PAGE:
Japanese Knotweed is an invasive plant with incredibly strong roots that could cause serious and significant damage to your property. The plant was introduced by the Victorians for ornamental purposes and it grows rapidly, by as much as 1.5 metres a month in the growing season from May to October.
Japanese Knotweed is not particularly widespread in and around Aberdeen but it does occur. Fortunately even where it is found there is no need to panic as the issue can be resolved, particularly if caught quickly and treated properly. You should not try to deal with the plant yourself but rather it should be excavated from the ground and disposed of under license. It is so invasively dangerous to buildings that Japanese Knotweed is a controlled waste that requires controlled disposal under the Environmental Protection Act, 1990. Any excavation will require extensive digging as leaving just a small section could allow it to grow back. It can also be treated chemically, although any chemical treatment would require to be applied over the course of several years to be effective. You will see from the methods involved that the treatment is likely to be time consuming and therefore relatively expensive.
Some surveyors make a note on Home Reports that they have not carried out an inspection for Japanese Knotweed as they are not obliged to look for this as part of the Home Report. However where the issue is evident to the surveyor they will comment on this. Whilst some mortgage lenders are reluctant to provide a mortgage on properties affected by Japanese Knotweed many in fact will still be happy to lend. Where they do lend they will look at the particular circumstances of the case and will wish to look for assurance that treatment works have been carried out/will continue to be treated as necessary and that a specialist guarantee has been issued.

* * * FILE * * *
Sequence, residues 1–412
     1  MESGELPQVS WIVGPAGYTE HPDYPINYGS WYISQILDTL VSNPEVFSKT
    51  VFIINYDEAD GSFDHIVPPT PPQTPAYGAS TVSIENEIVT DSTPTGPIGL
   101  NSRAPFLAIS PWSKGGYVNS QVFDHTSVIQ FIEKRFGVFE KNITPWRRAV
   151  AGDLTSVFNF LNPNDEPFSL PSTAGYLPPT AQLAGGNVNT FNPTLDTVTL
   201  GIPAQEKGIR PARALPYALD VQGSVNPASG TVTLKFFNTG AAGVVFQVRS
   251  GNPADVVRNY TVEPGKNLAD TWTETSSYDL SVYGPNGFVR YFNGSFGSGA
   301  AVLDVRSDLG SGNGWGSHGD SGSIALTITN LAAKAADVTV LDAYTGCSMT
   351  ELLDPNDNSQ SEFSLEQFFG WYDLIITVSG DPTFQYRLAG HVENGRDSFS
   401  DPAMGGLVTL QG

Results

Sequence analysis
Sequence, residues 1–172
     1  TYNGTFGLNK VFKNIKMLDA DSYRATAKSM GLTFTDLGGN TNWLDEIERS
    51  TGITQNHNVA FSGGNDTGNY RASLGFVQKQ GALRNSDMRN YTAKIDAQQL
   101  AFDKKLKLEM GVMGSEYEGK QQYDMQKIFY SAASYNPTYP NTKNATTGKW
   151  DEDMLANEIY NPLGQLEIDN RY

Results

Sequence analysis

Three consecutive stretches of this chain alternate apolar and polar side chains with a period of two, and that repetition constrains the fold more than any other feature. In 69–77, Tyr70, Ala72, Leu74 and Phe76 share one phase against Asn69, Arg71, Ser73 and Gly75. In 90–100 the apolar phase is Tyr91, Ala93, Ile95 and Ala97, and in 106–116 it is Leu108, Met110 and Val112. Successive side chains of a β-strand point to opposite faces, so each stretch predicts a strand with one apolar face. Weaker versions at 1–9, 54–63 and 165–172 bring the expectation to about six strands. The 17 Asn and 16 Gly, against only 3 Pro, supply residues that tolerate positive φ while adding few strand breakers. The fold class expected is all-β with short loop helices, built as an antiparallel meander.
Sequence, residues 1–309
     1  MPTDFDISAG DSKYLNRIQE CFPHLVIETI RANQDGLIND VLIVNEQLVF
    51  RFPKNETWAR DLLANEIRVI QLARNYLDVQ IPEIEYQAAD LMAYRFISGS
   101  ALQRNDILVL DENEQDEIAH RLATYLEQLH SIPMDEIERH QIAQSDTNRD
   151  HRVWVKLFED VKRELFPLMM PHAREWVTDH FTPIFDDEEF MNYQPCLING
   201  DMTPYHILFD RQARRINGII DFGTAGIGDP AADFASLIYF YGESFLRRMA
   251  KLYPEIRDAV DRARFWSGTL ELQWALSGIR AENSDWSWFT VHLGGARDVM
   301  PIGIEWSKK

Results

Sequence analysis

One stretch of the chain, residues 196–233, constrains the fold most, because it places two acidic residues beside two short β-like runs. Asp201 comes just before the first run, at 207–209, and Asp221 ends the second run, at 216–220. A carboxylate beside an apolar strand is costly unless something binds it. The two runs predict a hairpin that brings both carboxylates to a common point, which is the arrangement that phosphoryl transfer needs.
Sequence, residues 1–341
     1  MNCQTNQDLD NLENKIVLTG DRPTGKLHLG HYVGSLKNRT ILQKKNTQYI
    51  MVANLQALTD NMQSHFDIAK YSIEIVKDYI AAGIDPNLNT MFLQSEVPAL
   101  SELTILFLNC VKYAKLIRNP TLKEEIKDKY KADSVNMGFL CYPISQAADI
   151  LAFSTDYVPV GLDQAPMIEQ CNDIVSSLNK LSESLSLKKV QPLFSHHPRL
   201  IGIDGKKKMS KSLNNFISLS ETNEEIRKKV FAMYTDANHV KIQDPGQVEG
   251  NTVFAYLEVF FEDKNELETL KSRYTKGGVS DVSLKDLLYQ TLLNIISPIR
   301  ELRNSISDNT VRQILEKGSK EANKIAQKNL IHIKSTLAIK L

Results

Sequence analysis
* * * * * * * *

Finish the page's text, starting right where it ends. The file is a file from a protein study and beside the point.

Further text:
If Japanese Knotweed affects your property another issue to check is the availability of buildings insurance for the property. The insurance company may attach a higher than normal premium to account for the higher than normal risk of damage that could potentially be caused by the invasive plant.
If you are aware of this issue affecting your property I would suggest that you deal with the matter as quickly as possible not only to prevent any significant damage to your property but also to avoid any impact on the value of your property or any potential difficulty in selling your property in the future. A further caution against ignoring the presence of the weed in your garden would be that allowing the spread of the weed into the wild could be an offence under the Wildlife and Countryside Act 1981 as amended by the Wildlife and Natural Environment (Scotland) Act 2011.
If Japanese Knotweed affects both you and your neighbours then, as with most neighbour issues, you would be best to discuss the matter amicably to reach a practical solution.